Ensuring East Asian speakers find their voice in the classroom
By Damien Marwood
Having begun my TEFL life in Thailand, teaching mainly homogenous groups of East Asian students, what became a typical part of my teaching routine was finding ways to get students to actually open up and speak in class, even at advanced levels. I never imagined it could be any different until I first encountered an Elementary Spanish speaker who upon being asked how his weekend was, proceeded with a beautifully free-form, rambling speech, rife with inaccuracies as it was, for what seemed like 30 minutes. As you can imagine, this was a great surprise to me, to say the least.
This initial experience was one of the factors which set me on the path of deciding to spend some time teaching in Europe in order to expand my experience teaching students from different backgrounds. Once there, one thing that struck me was that many teachers were encountering East Asian students for the first time, and were experiencing the same marked difference that I had had on initially meeting my first European student, only the other way around!
Why so reticent?
With East Asian students, there is a heady cocktail of cultural and sociological factors that may lead to reticence to speaking in the classroom. In the multinational classroom, these factors only increase. From my experience, an East Asian speaker may not present their full ability when speaking for a number of reasons.
- I have heard from numerous East Asian students that talking too in depth about themselves (or boasting, as they see it) is frowned upon. Given the proliferation of personalised tasks in the modern communicative classroom, it’s no wonder that East Asian students can feel a little out of sorts.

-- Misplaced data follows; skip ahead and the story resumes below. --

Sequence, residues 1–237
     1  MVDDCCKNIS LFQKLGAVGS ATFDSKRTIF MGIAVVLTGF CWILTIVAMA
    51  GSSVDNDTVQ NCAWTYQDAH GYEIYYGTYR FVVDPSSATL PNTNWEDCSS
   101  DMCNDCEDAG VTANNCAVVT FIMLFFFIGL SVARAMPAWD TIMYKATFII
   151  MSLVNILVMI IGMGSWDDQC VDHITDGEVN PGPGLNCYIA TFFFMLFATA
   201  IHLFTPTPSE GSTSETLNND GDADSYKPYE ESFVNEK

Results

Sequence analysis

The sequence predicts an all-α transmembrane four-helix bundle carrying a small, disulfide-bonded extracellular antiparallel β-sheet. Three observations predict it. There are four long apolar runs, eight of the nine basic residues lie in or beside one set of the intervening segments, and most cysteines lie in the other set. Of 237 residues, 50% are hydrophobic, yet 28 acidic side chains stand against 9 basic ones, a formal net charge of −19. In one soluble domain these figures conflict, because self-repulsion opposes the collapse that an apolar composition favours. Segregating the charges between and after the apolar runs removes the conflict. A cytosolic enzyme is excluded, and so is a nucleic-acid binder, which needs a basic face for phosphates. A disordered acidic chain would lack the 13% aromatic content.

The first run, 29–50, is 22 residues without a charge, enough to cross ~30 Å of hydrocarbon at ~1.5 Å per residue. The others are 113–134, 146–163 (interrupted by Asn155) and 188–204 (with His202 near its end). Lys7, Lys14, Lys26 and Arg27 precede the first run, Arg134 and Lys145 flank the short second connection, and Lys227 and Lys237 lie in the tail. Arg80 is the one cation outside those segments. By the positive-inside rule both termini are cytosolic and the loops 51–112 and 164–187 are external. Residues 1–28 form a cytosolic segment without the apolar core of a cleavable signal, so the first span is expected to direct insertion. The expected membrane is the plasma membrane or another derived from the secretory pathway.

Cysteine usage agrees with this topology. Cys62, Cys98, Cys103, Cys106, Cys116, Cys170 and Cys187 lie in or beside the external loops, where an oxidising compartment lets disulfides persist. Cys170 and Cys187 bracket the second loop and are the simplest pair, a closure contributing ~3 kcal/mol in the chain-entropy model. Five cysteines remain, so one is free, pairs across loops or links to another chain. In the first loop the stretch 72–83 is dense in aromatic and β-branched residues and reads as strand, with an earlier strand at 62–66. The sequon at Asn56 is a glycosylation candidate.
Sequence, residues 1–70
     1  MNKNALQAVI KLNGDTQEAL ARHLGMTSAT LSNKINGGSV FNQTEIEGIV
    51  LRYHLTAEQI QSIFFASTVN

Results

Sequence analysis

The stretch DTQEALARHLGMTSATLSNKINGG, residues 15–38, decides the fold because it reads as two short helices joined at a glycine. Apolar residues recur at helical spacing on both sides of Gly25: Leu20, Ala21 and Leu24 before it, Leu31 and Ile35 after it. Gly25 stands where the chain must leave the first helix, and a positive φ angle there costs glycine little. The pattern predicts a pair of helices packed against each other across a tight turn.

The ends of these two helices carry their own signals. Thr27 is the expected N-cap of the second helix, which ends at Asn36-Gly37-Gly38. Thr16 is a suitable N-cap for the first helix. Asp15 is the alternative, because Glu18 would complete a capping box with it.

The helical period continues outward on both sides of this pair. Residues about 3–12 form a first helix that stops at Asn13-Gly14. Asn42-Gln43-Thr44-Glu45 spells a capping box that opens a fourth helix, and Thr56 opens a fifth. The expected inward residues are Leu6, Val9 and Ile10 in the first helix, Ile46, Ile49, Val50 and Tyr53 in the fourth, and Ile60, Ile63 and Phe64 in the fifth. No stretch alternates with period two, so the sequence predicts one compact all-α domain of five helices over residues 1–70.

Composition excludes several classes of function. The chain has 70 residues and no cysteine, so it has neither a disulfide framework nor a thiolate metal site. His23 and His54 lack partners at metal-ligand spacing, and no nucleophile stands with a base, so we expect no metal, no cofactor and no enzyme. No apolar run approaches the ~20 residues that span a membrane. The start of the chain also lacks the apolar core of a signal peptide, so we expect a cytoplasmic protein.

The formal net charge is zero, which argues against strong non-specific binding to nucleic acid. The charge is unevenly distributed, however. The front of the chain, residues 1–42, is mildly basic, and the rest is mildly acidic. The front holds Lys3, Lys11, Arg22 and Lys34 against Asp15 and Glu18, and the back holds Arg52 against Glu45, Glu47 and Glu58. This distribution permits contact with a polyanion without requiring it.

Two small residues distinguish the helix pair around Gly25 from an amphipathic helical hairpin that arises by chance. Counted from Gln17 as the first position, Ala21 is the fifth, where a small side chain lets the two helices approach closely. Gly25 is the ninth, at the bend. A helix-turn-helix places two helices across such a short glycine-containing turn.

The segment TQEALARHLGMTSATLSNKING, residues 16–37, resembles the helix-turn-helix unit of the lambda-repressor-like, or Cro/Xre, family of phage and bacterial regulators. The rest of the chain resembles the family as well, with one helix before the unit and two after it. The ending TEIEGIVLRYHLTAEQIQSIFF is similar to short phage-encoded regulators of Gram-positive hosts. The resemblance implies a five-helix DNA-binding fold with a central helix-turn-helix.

- Many East Asian learners carry an aversion to confrontation. Japanese culture dictates that in order to minimise potential harm or offence to others, opinions should be tightly guarded, or at the least carefully considered before being vocalised. In Thailand, raising your voice, or expressing strong opinions is seen as unnecessarily confrontational.
- East Asian nations revolve around the family unit, and focus on community. Activities are carried out in groups and individual achievement is simply not as pronounced. In the classroom, speaking activities that don’t include collaborative work can be met with resistance.
- The concept of ‘face’ and managing how you are perceived by others plays an important cultural role for many. Helping students to feel comfortable and relaxed in the classroom, lowering the affective filter, becomes an elevated concern when you have East Asian learners in the classroom. Compounding this fear of embarrassing oneself in front of others is the possibility of a teacher’s low tolerance for silence.
- From my experience, a vast majority of East Again students undervalue their abilities, especially when judged against others. This can lead to anxiety when speaking in front of the class.
- Power dynamics in the classroom. Teachers still hold a great position of respect and power in East Asian countries. Opinions are rarely encouraged or sought after until one is in a place of seniority, and this filters into educational contexts. Rote learning and adherence to the teacher’s views and preferences are still common in Thailand, for example. This can lead to problems generating ideas or engaging in creative tasks.